It is widely accepted that the egg shell membranes, and not the shell, provide main protection against bacterial penetration . The inner shell membrane, constituted by a dense mesh of interwoven fibrous proteins plus a variety of other proteins and peptides associated with protective functions , is a more effective barrier than the outer shell membrane . In fact, only the thick mineralized shell constitutes an optical barrier to the spectroscopic measurements, while the underlying membranes are thin enough to be transparent. In this study, we show that in ovo sexing by optical spectroscopy can be performed without removing the inner shell membrane, thus avoiding negative effects on hatching rates.
According to German animal welfare legislation, no approval was necessary to perform the experiments on embryonated chicken eggs. Egg shell opening and optical measurements were performed on embryos in early stages of development (between E3 and E4), before the neural tube has developed into a functional brain and the embryo has developed sensitivity to pain [17,18]. No experiments took place at later developmental stages. Hatched chicks were only subjected to visual observation after hatching, and then transferred to a farm. Maximal care was used in order to avoid distress to animals.
Fertilized eggs of a commercial white layer strain of the domestic chicken (Gallus gallus f. dom.) (LSL—Lohmann Selected Leghorn) were used. They were obtained from Lohmann Tierzucht GmbH (Cuxhaven, Germany). The freshly laid eggs were inspected for any shell damage and then stored for max. 36 hours at approximately 14°C until start of the incubation. The incubation was performed in an automatic egg incubator (Favorit Olymp 192, Heka-Brutgeräte, Rietberg, Germany) at 37.8°C and a humidity of 53%, in vertical position with the blunt pole upward. A ± 45° tilting at an interval of 3 h was applied during the incubation time.
At day 3.5 (i.e., 84 h), the eggs were subjected to the measurement. The egg shells were windowed using a 30 W CO2 laser (Firestar v30, Synrad, Mukilteo, Washington, USA) equipped with scanning head (FH Flyer, Synrad, Mukilteo, Washington, USA). The shells were laser-scribed at the blunt pole along a round path of 15 mm diameter. The shell window was gently lifted using a scalpel. The inner shell membrane was left intact. After measurement, embryonic tissue samples were isolated for subsequent molecular sexing, or the shell windows were closed using a biocompatible adhesive tape (Leukosilk, BNS Medical GmbH, Hamburg, Germany) and further incubated until hatching. Visual assessment of health status and sex was performed on hatched chicks. LSL day-old chicks are sexable by discrimination of wing feather growth. In female LSL chicks primary wing feathers are longer than the covert feathers (“fast feathering”), while in male chicks primary and covert feathers show the same length (“slow feathering”) at hatch.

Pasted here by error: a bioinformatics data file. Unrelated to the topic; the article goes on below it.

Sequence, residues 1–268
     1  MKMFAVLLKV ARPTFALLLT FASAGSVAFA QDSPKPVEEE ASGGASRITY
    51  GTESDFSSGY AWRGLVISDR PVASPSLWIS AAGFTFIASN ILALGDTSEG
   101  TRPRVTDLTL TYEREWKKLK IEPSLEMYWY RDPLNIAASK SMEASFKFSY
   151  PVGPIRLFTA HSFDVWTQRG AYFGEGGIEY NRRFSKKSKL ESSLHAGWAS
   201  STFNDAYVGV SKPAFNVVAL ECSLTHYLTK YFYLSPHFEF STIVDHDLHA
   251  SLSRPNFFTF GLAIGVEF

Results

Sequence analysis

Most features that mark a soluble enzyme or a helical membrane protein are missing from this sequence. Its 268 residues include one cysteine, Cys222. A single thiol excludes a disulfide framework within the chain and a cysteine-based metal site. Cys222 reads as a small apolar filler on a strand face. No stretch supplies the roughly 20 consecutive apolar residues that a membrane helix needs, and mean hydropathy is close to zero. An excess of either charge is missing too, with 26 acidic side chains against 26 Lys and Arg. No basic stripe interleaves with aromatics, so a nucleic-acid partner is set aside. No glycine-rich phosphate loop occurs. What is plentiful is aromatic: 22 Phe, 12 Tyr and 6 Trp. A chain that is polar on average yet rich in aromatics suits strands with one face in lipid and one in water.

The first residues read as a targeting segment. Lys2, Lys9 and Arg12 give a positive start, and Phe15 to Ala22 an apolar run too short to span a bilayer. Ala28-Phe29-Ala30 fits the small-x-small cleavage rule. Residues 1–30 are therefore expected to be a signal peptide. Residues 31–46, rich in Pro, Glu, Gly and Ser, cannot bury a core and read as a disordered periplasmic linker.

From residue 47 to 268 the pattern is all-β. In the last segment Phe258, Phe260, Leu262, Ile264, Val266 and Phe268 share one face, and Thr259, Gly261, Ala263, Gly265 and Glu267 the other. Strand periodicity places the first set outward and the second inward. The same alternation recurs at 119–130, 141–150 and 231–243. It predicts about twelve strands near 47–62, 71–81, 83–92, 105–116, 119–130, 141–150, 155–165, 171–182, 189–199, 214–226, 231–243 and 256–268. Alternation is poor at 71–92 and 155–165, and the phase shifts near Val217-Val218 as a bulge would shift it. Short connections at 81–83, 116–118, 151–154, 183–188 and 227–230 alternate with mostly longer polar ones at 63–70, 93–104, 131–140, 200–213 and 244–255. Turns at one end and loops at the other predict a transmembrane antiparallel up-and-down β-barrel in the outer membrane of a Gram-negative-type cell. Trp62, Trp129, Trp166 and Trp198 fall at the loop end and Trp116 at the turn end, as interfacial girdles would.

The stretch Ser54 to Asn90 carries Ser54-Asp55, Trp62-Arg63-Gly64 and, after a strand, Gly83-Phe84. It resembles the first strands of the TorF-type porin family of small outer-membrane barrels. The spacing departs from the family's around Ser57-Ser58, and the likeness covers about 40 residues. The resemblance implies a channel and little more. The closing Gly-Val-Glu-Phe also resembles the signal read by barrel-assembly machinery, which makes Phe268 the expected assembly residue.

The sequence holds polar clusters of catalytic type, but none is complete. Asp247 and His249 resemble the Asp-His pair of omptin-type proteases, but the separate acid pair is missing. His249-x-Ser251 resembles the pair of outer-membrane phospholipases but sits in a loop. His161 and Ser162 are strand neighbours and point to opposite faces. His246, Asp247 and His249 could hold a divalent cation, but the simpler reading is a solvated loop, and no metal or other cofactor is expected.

Reference sexing was obtained with genetic analysis on embryonic tissue based on polymerase chain reaction (PCR), as described elsewhere .
Optical coherence tomography
A spectral domain optical coherence tomography (OCT) system  with center wavelength of 880 nm and bandwidth of 130 nm was used with an A-scan rate of 12 kHz. The system allows the simultaneous acquisition of 3D OCT and microscopy camera images by using the same beam path. For OCT, the near-infrared light from a superluminescent diode (Superlum, Russia) is guided to the scanner head containing a Michelson interferometer. The incoming light is separated by a beam splitter into a sample beam and a reference beam. The sample beam is rastered in x and y directions over the sample by two galvanometer scanners (Cambridge Technology Inc., USA). The backscattered and reflected light from different sample depth is guided back to the beam splitter and superimposed with the reference beam. This interference signal is spectrally resolved by a diffraction grating and measured by a line-detector (Teledyne DALSA Inc., Canada). The depth-dependent information is calculated by Fast Fourier Transformation and the logarithm of the intensity is displayed on an 8 bit gray scale. To acquire a 2D image of a sample, one galvanometer scanner is rotated to measure adjacent A-scans resulting in cross-sectional images. By deflecting the second galvanometer scanner, adjacent B-scans are acquired forming the 3D OCT image. The axial and lateral resolution is 6.5 μm in air.